Well, away I went, with the livery lad still at my heels, after G- e. “ Mr. G -e,” said I, “a word, if you please." “Certainly, Jacob, what is it?" “A good ten pound bill,” said I, “ with only a few days to run; I want to lend five pounds to a friend whose servant is here (and I again pointed to Tom); if you could give me the needful for it I would thank you." “ Jacob," said he, “I would give it with the greatest pleasure in the world ; but I will tell you a secret : there are very few know really how I am circumstanced.” What can this be ? thinks I, for I knew him to be as rich as any lod Jew. “Whisper," continued he, putting his mouth close to my ear;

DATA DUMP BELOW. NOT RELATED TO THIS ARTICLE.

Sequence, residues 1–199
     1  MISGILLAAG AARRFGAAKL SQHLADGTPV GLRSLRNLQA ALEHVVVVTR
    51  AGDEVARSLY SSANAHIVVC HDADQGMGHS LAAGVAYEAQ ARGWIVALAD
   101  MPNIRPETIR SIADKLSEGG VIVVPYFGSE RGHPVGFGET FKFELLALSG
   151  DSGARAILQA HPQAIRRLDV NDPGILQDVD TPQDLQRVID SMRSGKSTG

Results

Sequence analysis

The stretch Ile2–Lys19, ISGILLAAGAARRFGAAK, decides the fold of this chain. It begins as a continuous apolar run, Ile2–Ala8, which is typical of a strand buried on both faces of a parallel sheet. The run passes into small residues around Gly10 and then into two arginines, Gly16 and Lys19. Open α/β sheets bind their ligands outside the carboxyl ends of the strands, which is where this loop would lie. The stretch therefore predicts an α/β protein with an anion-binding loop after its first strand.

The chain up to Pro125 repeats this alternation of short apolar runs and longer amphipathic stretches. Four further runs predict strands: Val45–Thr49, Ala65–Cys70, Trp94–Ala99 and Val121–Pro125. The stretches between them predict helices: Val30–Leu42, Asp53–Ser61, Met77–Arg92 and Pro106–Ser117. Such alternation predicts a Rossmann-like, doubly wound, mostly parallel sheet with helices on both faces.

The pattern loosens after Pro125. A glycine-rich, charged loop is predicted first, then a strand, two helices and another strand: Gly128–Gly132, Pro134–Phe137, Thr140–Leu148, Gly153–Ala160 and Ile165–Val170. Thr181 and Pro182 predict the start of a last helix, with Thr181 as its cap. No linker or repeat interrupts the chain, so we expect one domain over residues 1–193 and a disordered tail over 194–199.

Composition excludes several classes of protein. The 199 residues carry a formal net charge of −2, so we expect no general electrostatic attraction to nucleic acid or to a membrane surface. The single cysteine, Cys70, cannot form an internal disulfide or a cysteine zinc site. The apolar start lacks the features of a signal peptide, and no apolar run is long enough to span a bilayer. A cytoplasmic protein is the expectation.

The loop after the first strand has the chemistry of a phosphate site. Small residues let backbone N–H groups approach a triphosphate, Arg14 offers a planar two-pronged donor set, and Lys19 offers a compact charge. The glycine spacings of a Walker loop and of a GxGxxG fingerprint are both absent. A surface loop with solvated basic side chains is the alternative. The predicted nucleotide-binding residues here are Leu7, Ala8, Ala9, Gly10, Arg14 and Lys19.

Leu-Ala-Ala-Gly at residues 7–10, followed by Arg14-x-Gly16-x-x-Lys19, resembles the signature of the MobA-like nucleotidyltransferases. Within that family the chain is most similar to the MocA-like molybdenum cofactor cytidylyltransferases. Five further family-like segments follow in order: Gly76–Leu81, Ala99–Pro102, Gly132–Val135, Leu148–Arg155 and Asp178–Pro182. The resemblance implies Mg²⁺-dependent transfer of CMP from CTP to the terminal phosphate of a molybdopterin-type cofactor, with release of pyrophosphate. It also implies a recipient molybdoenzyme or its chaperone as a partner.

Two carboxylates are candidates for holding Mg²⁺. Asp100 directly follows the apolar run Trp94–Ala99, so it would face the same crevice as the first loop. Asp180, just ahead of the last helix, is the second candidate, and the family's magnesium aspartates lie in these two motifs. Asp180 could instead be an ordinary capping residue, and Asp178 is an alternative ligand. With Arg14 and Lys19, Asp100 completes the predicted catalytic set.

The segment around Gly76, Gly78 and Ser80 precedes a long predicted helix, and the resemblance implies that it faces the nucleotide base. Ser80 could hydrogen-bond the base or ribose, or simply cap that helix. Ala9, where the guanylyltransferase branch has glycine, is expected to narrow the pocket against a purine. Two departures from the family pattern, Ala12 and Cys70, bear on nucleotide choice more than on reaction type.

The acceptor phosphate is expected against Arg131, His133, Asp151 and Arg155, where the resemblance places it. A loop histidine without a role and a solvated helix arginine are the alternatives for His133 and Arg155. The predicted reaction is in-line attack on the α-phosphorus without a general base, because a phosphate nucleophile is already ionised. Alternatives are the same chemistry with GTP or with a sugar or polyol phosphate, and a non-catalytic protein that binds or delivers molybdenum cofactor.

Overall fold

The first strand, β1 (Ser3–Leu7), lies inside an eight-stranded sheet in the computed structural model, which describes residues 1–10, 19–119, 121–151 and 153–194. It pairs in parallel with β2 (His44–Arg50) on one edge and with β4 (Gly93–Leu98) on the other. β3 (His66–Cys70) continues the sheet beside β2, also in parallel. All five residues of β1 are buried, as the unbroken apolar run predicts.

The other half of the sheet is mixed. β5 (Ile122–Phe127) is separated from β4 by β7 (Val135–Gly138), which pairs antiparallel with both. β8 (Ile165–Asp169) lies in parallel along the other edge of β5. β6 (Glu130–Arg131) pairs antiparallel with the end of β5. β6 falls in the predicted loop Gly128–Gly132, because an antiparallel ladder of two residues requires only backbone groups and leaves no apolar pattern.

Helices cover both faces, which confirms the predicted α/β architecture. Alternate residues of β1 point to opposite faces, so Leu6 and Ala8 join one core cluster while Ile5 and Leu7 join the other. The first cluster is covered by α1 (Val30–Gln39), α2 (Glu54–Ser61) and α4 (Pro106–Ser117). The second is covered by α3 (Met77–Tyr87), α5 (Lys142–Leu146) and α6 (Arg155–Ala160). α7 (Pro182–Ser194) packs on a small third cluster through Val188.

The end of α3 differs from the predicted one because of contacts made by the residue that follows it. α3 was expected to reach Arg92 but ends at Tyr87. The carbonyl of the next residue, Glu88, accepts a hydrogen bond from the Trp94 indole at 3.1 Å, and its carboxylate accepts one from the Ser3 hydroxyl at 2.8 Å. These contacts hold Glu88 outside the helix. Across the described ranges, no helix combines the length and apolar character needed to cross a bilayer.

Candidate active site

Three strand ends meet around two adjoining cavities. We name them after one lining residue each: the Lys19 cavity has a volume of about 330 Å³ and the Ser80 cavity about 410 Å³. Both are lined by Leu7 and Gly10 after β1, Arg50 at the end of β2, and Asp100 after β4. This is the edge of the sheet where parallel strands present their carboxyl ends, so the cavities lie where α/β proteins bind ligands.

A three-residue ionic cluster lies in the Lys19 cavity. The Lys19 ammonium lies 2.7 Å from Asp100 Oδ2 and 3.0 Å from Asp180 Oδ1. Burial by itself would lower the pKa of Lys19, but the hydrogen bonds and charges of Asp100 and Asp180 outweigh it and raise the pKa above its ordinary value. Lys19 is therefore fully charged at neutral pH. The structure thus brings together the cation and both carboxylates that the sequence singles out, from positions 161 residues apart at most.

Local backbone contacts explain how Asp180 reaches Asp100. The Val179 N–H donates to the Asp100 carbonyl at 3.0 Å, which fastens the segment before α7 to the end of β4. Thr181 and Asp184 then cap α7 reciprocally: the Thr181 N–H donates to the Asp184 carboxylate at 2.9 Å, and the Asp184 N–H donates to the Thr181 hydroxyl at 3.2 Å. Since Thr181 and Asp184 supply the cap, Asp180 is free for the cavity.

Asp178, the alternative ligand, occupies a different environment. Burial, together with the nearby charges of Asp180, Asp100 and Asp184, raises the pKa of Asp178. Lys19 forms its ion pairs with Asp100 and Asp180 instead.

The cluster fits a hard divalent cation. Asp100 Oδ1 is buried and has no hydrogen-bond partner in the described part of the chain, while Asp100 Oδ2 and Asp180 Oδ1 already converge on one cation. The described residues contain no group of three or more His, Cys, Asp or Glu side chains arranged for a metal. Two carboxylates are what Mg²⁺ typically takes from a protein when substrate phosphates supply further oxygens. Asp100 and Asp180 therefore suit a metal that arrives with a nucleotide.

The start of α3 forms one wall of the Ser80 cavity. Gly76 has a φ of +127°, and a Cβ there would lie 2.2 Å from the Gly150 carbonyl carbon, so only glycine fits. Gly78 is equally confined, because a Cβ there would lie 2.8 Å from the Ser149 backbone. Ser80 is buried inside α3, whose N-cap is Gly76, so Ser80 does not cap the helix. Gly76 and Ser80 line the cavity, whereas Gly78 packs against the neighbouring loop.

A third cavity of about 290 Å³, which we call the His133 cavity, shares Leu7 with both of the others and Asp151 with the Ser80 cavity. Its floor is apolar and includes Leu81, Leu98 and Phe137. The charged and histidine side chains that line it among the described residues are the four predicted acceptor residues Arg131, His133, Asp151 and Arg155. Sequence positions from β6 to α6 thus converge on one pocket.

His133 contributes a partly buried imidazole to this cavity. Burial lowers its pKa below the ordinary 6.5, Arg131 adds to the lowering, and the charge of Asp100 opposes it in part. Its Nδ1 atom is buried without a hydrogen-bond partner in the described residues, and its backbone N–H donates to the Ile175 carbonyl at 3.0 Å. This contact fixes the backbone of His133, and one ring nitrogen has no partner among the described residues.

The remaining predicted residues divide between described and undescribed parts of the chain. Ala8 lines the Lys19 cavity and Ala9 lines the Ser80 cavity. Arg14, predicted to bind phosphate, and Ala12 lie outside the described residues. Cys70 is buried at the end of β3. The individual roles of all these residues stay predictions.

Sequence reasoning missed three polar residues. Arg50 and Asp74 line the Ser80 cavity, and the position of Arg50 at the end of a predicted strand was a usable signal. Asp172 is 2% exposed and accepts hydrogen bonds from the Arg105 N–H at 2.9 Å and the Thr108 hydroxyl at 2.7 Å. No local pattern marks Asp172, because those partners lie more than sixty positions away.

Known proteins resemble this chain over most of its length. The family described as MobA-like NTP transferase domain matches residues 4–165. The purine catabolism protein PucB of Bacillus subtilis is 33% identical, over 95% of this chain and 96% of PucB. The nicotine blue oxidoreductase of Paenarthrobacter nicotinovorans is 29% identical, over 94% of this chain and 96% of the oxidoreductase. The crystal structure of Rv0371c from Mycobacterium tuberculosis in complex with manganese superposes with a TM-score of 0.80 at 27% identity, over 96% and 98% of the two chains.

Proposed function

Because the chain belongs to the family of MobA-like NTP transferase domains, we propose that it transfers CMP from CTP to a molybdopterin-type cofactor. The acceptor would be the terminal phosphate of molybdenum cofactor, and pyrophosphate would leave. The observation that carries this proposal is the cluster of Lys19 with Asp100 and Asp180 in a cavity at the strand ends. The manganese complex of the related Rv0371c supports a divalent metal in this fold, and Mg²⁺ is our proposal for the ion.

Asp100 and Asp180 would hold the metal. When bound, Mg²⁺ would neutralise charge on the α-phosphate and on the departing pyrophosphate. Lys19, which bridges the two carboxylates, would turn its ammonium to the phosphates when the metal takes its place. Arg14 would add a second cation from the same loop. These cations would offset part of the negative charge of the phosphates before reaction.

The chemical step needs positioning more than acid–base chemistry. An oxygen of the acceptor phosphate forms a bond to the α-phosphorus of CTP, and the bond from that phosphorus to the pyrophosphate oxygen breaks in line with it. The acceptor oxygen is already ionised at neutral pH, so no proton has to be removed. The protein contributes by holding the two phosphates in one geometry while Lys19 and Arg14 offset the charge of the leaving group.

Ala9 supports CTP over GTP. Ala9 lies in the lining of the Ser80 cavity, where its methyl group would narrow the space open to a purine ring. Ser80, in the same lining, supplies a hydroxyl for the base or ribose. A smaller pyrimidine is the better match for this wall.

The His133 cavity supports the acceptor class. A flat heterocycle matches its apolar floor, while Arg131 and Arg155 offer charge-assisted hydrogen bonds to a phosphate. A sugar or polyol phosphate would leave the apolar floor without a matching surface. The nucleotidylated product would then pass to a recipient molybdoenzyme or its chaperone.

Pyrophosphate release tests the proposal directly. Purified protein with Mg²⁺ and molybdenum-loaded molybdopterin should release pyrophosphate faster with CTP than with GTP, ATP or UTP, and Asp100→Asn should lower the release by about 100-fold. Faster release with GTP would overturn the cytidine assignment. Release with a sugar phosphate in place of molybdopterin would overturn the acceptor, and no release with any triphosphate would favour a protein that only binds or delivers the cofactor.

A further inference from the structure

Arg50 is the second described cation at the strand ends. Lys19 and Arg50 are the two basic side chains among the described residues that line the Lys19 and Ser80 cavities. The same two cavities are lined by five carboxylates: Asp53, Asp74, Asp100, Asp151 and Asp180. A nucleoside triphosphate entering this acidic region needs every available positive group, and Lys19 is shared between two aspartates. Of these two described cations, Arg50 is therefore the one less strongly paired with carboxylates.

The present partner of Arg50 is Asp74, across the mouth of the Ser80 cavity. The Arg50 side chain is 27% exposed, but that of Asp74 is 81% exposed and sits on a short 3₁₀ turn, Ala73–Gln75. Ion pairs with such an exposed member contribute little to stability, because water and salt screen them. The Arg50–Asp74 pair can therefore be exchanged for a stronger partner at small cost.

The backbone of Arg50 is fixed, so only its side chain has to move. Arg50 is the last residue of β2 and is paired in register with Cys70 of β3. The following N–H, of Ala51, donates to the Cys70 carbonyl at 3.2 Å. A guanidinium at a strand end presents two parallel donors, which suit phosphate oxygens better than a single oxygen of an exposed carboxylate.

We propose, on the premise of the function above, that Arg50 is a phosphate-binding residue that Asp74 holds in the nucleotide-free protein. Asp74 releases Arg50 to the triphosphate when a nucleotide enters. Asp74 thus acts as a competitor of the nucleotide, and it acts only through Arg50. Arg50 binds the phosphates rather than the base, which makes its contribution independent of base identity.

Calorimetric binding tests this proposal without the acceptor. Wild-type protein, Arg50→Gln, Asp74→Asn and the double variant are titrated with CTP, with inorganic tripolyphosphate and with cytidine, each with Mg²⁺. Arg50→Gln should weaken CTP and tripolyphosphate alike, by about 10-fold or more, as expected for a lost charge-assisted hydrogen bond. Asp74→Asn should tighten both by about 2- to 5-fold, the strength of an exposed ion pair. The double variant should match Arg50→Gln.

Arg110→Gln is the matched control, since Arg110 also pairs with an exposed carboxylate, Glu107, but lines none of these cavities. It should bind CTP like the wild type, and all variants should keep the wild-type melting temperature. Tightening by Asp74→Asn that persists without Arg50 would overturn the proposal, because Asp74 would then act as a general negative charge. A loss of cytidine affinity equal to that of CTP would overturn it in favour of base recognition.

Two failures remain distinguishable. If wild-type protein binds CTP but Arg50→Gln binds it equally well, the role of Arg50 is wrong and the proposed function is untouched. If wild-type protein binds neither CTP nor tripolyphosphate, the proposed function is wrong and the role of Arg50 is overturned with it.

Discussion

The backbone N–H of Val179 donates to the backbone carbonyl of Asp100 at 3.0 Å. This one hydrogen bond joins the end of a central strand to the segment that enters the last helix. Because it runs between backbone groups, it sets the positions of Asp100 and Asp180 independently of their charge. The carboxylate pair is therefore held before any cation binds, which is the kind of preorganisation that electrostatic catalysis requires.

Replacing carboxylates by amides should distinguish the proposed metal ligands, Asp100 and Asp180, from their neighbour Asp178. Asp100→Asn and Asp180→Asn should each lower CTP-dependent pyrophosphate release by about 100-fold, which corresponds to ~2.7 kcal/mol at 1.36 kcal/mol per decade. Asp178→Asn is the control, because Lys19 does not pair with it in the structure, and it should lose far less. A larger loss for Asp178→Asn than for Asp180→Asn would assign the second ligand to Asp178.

you needn't tell any one, but it is a fact that I have fourteen children to provide for ; they extract from me every shilling I can make, -50 excuse me, Nettle, I cannot do the bill; but any one will give you the cash ;-see, there is McNly going into the Rolls-run after hins; I have something in the Exchequer-adieu!” Well, off we set to McNly, who was limping along in the usual way, for of course you are aware that he had a long and a short leg, or a short and a long one, whichever you like. Talking of his lameness, Jack M—ly had a limp, exactly like that of Mc N-ly, and he went up to Curran one day in the hall of the Four Courts, Mr. Curran," said he, “have you seen McNly going this way?" Curran answered immediately, referring to the limp, “Why, Jack, I never saw him going any other way."-But to return to the subject-I went up to Mc N-ly with my escort;" “ Friend Mc N-ly,” said I, "can you spare me a moment?--I have something to say to you.” (Mc N-ly, you know, had a very drawling loud manner of speaking.) “Eh,” said he, “what in the name of wonder do you want? sure you know I would do any thing in the world for you-speak out—cone to the point at once." Well, I thought I was all right at last, and I looked round to Tom, who appeared to be of the same opinion, for he was scratching his head, and had a regular Tim Bobbin grin upon him." Why, Mc N-ly,” said I, “ if you can do me a small ten pound bill, you will confer a great favour upon me; I want to lend five pounds to this poor fellow's master, with whom I think you dine to-day.”—“Eh-to be sure I do ;-—but what the devil have you been about? Why didn't you come to me sooner ?-Damnation, I have just lent £200 to Smyth, and have not another rap of ready money at present; I would lend you the money with all my heart, if I had it. If you had been with me five minutes ago, you would have been all right; but this moment I could not discount a treasury order for sixpence, due in half an hour ;-at the same time don't think I am poor, for by the powers I have debentures that sun or moon never saw.” (Mc N- -Iy always wished to be thought very rich.) “But see," continued he," there run-there is the man who will give you the money, or ten times as much if you want it-your friend Curran ;--cut after him.”